By Molly Belt
In a few weeks I’m having surgery. I trust my surgeon to be up-to-date on the latest information regarding my condition and the treatment thereof. I trust her to know how to perform the procedure. I have faith that she’s basing her diagnosis and treatment on best practices coming out of the medical field.
If I were to find out that my doctor was basing her medical decisions regarding my care on the opinions of those who run a foundation and donate millions, or even billions, of dollars to the medical profession with the proviso that care be provided in line with what the wealthy “philanthropists” think is “effective” (despite having no medical background themselves) I would no longer have faith in my doctor.
I don’t want someone with no medical training telling my doctors how to treat me. I don’t want someone with no aviation experience telling pilots how to fly a plane. If my house is on fire, I want the firefighters to put it out based on their expertise in how best to deal with fires, not the opinion of a foundation populated by people who probably couldn’t light a campfire.
Education “reform” strikes me as much the same. In fact, I don’t even like calling it “reform”. It’s more of a hostile take-over. Currently, there are some very wealthy individuals, and the foundations they sponsor, who would like to control the decisions on how education is provided in this country. Giving them the benefit of the doubt that their motives are good, (and not profit-driven) I still wonder why they are being given a place at the table, much less such a prominent one. “ ‘Most of the complaints about the foundations are coming from teachers unions or education professors who happen, in this case, to disagree with their preferred strategies,’ says Frederick Hess, education policy director at the American Enterprise Institute.” (Billionaires in the Classrooms, by Alan Greenblatt). Exactly. When the professionals, the experts, are saying that these “reforms” are not positive for education or will not be effective, why do we demonize them instead of listening to them?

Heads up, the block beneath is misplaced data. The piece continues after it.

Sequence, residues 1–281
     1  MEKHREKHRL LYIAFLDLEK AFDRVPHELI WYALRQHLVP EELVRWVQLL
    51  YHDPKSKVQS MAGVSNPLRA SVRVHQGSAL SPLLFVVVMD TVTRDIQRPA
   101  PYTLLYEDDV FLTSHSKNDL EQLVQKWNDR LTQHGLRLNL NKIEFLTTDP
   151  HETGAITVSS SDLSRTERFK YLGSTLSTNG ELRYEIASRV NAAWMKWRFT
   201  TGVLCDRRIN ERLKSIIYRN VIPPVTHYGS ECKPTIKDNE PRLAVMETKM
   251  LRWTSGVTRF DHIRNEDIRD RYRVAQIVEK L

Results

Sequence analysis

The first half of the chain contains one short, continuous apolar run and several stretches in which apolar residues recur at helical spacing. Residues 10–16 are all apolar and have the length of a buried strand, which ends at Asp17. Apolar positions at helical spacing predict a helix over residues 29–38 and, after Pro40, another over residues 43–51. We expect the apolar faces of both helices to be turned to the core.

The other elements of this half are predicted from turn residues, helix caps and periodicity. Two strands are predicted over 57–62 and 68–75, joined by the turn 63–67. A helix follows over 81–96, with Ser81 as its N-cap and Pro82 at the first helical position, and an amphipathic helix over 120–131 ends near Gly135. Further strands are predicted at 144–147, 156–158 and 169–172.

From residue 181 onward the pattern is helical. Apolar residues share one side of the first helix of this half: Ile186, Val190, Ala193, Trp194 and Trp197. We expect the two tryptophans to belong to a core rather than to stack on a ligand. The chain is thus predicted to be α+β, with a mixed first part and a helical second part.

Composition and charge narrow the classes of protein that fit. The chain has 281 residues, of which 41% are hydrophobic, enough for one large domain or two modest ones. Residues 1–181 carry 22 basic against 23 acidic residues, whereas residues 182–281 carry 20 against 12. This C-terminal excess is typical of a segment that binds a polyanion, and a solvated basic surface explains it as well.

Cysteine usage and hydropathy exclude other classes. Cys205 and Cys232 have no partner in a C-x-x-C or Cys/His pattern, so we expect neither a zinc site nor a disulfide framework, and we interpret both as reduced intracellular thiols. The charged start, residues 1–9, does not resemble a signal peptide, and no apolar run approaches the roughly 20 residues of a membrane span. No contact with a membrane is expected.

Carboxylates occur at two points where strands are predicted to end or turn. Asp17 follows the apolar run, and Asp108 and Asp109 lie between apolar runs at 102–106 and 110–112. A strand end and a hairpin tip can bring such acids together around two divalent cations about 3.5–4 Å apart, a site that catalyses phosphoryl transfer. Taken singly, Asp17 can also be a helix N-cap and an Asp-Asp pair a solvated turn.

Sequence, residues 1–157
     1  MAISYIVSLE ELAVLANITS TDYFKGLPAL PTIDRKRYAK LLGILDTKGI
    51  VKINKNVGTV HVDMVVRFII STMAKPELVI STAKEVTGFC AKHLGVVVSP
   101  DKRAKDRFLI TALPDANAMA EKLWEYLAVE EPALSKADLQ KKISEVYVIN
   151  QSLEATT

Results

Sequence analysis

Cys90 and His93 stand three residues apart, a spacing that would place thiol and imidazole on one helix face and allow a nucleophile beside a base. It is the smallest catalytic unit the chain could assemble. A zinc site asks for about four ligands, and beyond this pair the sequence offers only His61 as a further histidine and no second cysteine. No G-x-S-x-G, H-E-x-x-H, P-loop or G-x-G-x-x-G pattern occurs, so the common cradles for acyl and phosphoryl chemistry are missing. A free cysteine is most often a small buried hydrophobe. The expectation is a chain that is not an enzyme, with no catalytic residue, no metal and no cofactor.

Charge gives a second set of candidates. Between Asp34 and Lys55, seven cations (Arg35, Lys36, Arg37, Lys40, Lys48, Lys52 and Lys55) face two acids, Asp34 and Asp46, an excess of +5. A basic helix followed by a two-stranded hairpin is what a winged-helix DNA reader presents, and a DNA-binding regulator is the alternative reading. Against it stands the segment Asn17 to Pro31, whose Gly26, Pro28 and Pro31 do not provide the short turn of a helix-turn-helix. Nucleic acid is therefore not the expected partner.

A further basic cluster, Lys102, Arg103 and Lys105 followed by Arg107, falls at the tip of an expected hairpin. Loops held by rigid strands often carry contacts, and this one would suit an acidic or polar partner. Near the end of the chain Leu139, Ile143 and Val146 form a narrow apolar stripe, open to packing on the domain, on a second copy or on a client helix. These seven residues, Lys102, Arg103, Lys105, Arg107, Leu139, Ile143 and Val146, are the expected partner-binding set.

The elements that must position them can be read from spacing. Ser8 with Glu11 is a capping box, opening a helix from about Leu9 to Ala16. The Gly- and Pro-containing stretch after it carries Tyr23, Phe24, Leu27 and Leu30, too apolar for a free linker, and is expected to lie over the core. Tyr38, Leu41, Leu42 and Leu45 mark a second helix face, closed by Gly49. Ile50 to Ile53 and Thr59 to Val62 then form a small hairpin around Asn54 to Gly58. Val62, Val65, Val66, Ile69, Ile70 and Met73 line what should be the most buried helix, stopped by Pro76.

Would we demonize doctors for saying they know better about patient care than someone with no medical experience? (Well, if we were insurance companies we would, but that’s another article). Would we demonize pilots for saying they know how to fly planes, so those without experience in aviation should stay out of it? Would we demonize firefighters for wanting to fight fires based on their professional standards and expecting others to respect that knowledge? Why is it acceptable to say that educators don’t know how to educate kids, but Bill Gates does because he’s got money?
And why, for Pete’s sake, are we calling it philanthropy when there are strings attached? Webster’s defines philanthropy as: “1: goodwill to fellow members of the human race; especially: active effort to promote human welfare; 2: a: an act or gift done or made for humanitarian purposes b: an organization distributing or supported by funds set aside for humanitarian purposes.”
It’s one thing to give money that is earmarked for a certain use. If I were wealthy I might give my alma mater, Northwestern, money for a scholarship earmarked for a theatre student. That’s philanthropy. If I were to tell them I would only donate if they change how they educate theatre students at Northwestern, that is a control issue, and I should seek therapy. Although at least I can say I know a lot about theatre. The people who want to tell educators how to educate do not have education backgrounds. They have business backgrounds. They would probably not make it a full week teaching in a school, and maybe they should have to do at least that before being allowed to influence education policy.